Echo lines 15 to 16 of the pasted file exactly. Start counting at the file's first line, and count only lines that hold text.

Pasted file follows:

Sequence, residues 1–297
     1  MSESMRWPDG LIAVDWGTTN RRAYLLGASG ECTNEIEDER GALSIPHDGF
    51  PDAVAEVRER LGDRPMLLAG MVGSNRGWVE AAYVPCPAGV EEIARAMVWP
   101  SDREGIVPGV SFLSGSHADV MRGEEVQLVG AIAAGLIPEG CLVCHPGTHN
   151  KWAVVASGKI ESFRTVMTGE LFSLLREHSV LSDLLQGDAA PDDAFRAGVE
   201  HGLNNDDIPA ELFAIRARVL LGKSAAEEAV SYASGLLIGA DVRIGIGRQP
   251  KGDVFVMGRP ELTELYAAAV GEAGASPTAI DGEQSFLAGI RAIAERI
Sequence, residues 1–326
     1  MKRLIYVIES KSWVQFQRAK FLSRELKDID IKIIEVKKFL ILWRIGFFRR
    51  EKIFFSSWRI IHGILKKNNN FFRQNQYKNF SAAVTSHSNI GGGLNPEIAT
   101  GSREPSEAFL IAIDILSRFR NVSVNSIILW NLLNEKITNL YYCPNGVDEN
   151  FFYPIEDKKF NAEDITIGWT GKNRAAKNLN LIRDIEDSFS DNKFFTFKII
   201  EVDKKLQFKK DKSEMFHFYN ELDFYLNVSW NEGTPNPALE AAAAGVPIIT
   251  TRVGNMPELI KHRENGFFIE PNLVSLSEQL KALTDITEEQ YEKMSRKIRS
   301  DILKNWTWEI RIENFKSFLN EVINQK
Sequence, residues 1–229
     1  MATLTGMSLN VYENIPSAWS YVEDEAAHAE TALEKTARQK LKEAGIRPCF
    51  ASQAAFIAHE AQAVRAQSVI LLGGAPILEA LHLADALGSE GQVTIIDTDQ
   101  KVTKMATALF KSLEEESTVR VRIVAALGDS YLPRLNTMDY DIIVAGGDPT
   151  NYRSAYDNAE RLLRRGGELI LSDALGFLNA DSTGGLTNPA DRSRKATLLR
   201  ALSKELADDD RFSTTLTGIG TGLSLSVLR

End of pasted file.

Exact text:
   301  DILKNWTWEI RIENFKSFLN EVINQK
Sequence, residues 1–229